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Emotional Colors

TheatreWorks tackles time and red tide to mount Chay Yew's 'Red'

By Marianne Messina

IN A CLIMATE of political hysteria like that during China's Cultural Revolution (1966-76), one doesn't always get to work through issues of self-worth from the comfy couch of a psychiatrist's office. As the Red Guard burned its way through traditional Chinese art, imprisoning or torturing artists and intellectuals, a woman's every internal struggle could play out as a friend's arrest or a parent's torture.

Playwright Chay Yew gives us one such woman in Red, TheatreWorks' current production, now playing at the Lucie Stern Theatre. Ling (Grace Hsu) is a young Red Guard member (female Maoist: good); her father, Hua (Francis Jue), is a traditional Chinese Opera star (pampered artist: bad) from whom she must force a confession ("crimes against the people").

When the three-actor play opens, we meet the contemporary scion of the 30-year-old family trauma, successful Asian romance novelist Sonja Wong Pickford (Allison Sie). Sie's Sonja drags the audience into this picture, kicking and screaming with one of those pleasant though frivolous facades, self-centered but forgivable—the kind of facade that sets off some gut-level alarm warning, Don't scratch the surface. So when Sonya pleads, "Don't do this!" (as in, let's not go there), the audience squirm factor is around 10.

Grace Hsu nimbly maneuvers us through Ling's sweeping character arc, from gleeful 10-year-old, licking sweets off her fingers, to savage, puffed-chested Red Guard comrade, dropping her voice about two registers. As Hua, the once-celebrated Chinese Opera star, Jue is lovable, and his grace, especially in the hands, can weave enchantment. But the Hua role requires (besides internalized choreography) aging over time—more time, it seems, than production schedules allow. So there are moments during which Jue lets us feel the shortcuts—the inner coach saying, "Think Diva," the roughly paced "I was sold to the opera school at the age of 6" speech that plateaus early and has several brushes with melodrama.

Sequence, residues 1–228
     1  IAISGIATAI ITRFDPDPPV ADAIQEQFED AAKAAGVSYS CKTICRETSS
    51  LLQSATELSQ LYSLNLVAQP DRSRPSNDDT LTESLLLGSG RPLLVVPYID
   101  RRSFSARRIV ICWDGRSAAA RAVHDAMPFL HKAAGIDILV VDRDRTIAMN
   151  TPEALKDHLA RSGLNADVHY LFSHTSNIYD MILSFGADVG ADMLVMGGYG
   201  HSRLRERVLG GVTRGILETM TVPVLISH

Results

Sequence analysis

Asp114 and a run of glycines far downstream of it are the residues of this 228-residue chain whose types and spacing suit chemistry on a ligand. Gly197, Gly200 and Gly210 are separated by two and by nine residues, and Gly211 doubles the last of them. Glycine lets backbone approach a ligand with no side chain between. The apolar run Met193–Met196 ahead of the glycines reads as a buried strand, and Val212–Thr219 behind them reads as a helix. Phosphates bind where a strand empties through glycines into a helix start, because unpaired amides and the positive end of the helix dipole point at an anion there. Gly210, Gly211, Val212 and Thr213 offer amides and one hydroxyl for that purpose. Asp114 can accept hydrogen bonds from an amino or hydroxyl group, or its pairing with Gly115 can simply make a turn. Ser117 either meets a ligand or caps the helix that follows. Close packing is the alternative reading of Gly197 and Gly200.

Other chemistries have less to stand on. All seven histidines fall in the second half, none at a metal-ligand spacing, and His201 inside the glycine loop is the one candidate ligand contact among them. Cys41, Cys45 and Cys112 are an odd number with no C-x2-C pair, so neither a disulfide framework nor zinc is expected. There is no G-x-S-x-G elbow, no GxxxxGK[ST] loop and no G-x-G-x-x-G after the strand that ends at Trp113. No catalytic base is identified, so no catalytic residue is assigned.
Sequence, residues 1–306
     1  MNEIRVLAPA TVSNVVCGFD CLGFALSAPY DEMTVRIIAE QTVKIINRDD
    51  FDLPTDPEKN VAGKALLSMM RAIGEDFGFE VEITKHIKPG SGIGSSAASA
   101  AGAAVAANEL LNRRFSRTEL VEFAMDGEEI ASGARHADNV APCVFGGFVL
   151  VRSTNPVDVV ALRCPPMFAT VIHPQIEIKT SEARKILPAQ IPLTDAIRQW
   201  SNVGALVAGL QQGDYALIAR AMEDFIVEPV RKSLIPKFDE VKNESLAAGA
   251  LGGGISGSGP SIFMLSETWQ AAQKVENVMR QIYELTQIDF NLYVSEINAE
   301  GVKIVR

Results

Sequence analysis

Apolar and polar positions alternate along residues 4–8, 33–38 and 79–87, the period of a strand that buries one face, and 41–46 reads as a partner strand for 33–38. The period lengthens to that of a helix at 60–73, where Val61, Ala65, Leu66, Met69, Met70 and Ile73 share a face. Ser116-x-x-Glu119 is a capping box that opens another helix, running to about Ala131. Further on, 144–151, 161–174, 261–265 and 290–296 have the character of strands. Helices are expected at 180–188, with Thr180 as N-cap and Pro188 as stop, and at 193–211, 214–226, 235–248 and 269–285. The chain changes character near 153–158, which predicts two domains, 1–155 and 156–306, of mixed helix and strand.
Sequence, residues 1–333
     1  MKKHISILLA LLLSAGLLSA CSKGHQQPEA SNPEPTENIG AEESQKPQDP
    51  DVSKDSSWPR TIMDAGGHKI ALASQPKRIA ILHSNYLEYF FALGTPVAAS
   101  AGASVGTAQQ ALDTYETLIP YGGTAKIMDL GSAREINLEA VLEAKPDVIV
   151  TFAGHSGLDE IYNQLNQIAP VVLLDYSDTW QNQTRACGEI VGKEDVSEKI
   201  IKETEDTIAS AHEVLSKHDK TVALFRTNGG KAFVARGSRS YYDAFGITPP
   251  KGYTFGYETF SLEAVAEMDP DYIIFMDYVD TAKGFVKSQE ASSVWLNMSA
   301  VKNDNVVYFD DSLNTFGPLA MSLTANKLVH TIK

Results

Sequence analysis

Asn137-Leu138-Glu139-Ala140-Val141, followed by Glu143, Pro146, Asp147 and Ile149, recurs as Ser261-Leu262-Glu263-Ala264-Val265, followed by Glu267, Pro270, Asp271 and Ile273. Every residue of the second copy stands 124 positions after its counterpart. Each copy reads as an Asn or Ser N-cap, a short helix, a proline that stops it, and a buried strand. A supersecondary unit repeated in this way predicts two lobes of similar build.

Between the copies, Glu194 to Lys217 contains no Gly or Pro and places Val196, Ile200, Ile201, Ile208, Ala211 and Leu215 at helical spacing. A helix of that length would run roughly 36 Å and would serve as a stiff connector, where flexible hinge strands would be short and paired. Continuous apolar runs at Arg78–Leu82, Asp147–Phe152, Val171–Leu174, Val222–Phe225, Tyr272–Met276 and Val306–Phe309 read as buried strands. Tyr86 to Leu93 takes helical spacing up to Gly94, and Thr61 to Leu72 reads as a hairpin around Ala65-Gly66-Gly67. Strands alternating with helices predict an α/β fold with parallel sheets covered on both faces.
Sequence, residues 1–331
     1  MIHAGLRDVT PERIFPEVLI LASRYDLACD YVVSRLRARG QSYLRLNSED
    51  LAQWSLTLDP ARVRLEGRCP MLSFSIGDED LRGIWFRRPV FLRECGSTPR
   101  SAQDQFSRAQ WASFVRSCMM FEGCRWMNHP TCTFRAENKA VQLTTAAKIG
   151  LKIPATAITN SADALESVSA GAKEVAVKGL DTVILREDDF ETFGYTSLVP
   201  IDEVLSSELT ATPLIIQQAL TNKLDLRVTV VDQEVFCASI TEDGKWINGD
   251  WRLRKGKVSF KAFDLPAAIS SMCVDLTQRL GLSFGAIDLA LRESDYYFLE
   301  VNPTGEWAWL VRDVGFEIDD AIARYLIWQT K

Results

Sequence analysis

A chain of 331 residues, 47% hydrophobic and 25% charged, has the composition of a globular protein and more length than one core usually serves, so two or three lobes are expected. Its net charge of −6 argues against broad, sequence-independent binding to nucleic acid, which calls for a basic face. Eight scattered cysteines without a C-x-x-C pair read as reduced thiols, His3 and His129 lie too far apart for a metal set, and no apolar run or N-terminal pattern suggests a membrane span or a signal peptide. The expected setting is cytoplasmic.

It would be easy for such extreme dramatic tension—love under torture, horrendous guilt—to overpower without some counterbalance like comedy. Yew chooses a different path, the Chinese Opera path best described by Hua when he tells Sonja where to find her story: "Find it in the silence, find it in the cracks, find it in the details." TheatreWorks' scenic designer, Ching-Yi Wei, gives us her magical placement of lights and fragile paper lanterns. Steven B. Mannshardt's soft lighting catches the curlicues of cigarette smoke slow-dancing in the air. Cries, heated arguments, the rigid march of beatings are balanced by the silent fog rolling out over the stage or a fluid, graceful hand. In beautiful choreography by Jamie H.J. Guan, daughter mirrors father—they dance the opera synchronously; they smoke in identical postures, using the same gestures, inhaling simultaneously—and the expanse of time between the generations seems to disappear. Sometimes the visual bond between father and daughter is more touching than drama or words, and in keeping with Hua's advice, the production safeguards the heart of the story in silence and details.

Red, a TheatreWorks production, Wednesday-Saturday at 8pm (with added 2pm shows Saturday, July 24 and 31) and Sunday at 2pm (with added shows at 7pm on July 25 and Aug. 1) through Aug. 8 at the Lucie Stern Theatre, 1305 Middlefield Rd., Palo Alto. Tickets are $20-$50. (650.903.6000)

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From the July 21-27, 2004 issue of Metro, Silicon Valley's Weekly Newspaper.

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